Following Counter Logic Gaming’s (CLG) successful result at the Mid Season Invitational (MSI), it would be remiss to assume that the organisation has always been at the pinnacle of League of Legends (LoL) competition. This assumption could not be any further from the truth. The reality is, that it was less than two years ago that CLG, one of the oldest North American LoL teams, was one game away from being relegated from the LCS completely. This article will highlight the struggles and trials that CLG had to endure before their rise as one of the greatest North American League of Legends organisations in history.
“Fall seven times, stand up eight.” – Japanese Proverb
The year is 2014 and CLG, with their lineup of Shin “Seraph” Wu-Yeong (Top), Marcel “dexter” Feldkamp (Jungle), Austin “LiNk” Shin (Mid), Yiliang “Doublelift” Peng (AD Carry) and Zaqueri “Aphromoo” Black (Support) were having a terrible summer split run, finishing the split 13-15. After bootcamping in Korea (essentially forfeiting their last four games of the split), being fined $5,000 by Riot for account sharing and losing 0-3 to Curse in the first round of the playoffs, CLG was in dire straits. After investing heavily into flights and accommodation for bootcamping in Korea, Counter Logic Gaming came back only to be swept by Curse. CLG seemed defeated even before the games began. There was no cohesion within the team, no sense of direction or purpose. Mistake after mistake followed CLG during the series and the end result was a 0-3 in favour of Curse.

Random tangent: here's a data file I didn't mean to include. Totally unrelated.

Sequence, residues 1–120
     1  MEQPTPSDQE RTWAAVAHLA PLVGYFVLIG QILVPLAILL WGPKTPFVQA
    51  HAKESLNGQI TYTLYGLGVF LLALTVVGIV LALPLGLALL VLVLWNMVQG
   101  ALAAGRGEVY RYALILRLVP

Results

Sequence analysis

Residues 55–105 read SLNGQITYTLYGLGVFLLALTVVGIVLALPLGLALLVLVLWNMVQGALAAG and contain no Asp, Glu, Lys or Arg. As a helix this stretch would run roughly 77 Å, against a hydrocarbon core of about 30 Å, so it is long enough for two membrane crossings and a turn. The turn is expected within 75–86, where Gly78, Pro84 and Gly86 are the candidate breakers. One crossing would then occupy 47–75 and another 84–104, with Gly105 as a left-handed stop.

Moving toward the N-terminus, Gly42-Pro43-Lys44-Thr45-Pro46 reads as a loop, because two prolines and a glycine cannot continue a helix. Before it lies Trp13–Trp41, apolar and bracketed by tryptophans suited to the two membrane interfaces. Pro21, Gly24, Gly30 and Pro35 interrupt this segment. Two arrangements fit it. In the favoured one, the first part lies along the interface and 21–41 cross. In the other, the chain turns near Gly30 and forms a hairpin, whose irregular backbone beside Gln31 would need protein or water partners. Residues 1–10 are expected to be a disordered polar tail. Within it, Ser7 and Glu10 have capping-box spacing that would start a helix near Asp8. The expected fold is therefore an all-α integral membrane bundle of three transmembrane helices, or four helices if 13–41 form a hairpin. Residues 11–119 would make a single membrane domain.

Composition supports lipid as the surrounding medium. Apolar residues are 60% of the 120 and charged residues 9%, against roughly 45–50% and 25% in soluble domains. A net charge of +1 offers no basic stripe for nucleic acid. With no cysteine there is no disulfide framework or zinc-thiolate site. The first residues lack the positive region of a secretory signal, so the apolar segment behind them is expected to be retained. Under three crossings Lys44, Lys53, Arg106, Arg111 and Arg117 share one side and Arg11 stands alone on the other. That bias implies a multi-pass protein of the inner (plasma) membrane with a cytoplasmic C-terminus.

Touted as a team full of ‘potential’ and talent, CLG now had to face Dignitas in a best of five to keep their spot in the NA LCS. After winning the first game in the series, with Doublelift’s Lucian finishing the game with a 14.0 KDA, CLG lost the next three games in a row, losing their secured spot in the NA LCS and forcing them to play another best of five against Curse Academy in the Season 5 relegation/promotion tournament. Counter Logic Gaming did not seem to have the mental fortitude to compete at any level, let alone the highest. Internal issues plagued the team, with tension between the players only hampering their gameplay. Dignitas played better in the series and took away the victory 3-1.
“I’ve failed over and over and over again… And that is why I succeed” – Michael Jordan
It was at this point for critics and fans alike to start seriously questioning the leadership and the decision-making of CLG management. Christopher “MonteCristo” Mykles, the former coach of the team was repeatedly criticised as “not being a real coach.” HotshotGG, the owner of Counter Logic Gaming, was criticised for “not having the stomach” to step in and deal with the inherent problems in his organisation, unlike his rival and counterpart Andy “Reginald” Dinh from Team SoloMid (TSM). Fans put each player under a microscope, searching for reasons for their team’s surprising failure. Bringing Seraph from Korea was a mistake. Dexter cannot gank for his laners. Link ‘tilts’ under pressure. Doublelift always get caught. Aphromoo cannot carry.